Graphic Design – What’s The Best Colour For A Website?
(Posted on 10/09/14)
The colour of your website can say a lot about your business, so how do you know if your colour choices are giving off the right impression?
Colour choice is critical to how people are going to perceive your brand. How those colours combine on your website is also just as important. If 93% of people look at the visual appearance of something before they buy, then naturally colour will play a big part in this.
Most people who set up a website hire a website or graphic designer to look after the branding and the choice of colours for the logo and the website.
Yet choosing the right colour to begin with should be part of a consultative process between the graphic designer and the business owner because once it’s associated with your brand, then it can be difficult to change things later on.
With this in mind its surprising how little time some business owners spend on choosing the colour of their website. Picking a favourite colour for a website may satisfy personal tastes but sometimes it isn’t the right one for the business.
My favourite colour has been red since as far back as I can remember. Apparently the favourite colour for most people is blue. Blue is fine if you’re Facebook or Linkedin. Blue is seen as cool and intelligent, which is why it’s the colour of choice for many corporate websites.
Colours are actually a major part of the emotions your website is triggering in your customers. It will also play its part in whether or not they buy your product or service.
It probably took a bit of time for Facebook and Linkedin to come up with a particular shade of blue for their logos and websites, just as it did for the creators of Twitter when they settled on light blue. Google keeps it simple with four colours on a plain white background.
The irony is that even though choosing blue did these billion dollar Internet businesses no harm, it can be seen as anything but friendly and 'social'. Blue isn’t the ideal choice if you want your business to be seen as exciting or warm like a small hotel or restaurant.
Red on the other hand could be a better choice to communicate a feeling of warmth and stimulation you would expect to find in your favourite restaurant. On the flipside red can come across as aggressive, and it certainly attracts attention. If you’re trying to sell products on your website then this is a good colour but you may be stuck when you want your sale items to stand out.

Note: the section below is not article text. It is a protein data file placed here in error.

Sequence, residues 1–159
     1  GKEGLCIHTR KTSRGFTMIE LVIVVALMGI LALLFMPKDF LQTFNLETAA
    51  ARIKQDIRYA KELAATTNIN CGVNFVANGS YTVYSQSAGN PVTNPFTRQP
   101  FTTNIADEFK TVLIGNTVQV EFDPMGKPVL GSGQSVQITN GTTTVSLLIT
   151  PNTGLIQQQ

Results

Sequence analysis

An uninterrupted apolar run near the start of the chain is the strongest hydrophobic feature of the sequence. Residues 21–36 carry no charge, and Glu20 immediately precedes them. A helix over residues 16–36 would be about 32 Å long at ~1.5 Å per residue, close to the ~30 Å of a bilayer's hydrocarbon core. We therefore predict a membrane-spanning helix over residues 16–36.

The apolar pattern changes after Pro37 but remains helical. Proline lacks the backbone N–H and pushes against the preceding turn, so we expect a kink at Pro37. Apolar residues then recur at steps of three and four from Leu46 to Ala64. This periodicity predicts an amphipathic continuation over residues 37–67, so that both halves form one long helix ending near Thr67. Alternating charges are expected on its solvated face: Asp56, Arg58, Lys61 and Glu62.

If you’re looking to play safe, white or green are a calmer alternatives. Green is often associated with nature and sustainability which made it popular a few years back when lots of business wanted to communicate how ‘green’ they were.
White is the ultimate safe choice if you want your website to look minimalistic. White looks good if you own a dental surgery or if you want to project a nice clean image for your website when there is a lot happening on the page.
Be careful with your use of white though because the disadvantage is it can look overly sterile and lack personality, which is not much good if you happen to be a creative business or an entertainer.
The key to using white well is to add elements of strong colour to the web page. Another benefit of using white is that text always looks better and it’s easier to read on a white background so it’s the best choice for blogs.
Some other colour choices you may consider are:
Grey – it can come across as dull, so use sparingly
Yellow – usually associated with fun and happiness. Combining with black can create a feeling of hostility
Orange – Orange goes in and out of fashion. Too much of it can look like you’re not taking things seriously
Violet – or purple can be overpowering and it can darken the mood when mixed with black
Pink – pink is always associated with femininity, which is fine if you’re a hairdressing salon and you want to create that impression
Brown – Another colour that triggers the feeling of warmth but again too much brown can be dull and come across as too serious.
Web designers in recent years have increasingly introduced flat design schemes which use retro or monotone colour schemes which display well on mobile phones and look good with simple visual designs.
This has brought a revolution in the use of colour which is changing the face of web design for the better. Even so, choosing a colour for your website and branding still takes time but it’s worth giving colour the attention it deserves.
By Brett Tudorcomments powered by Disqus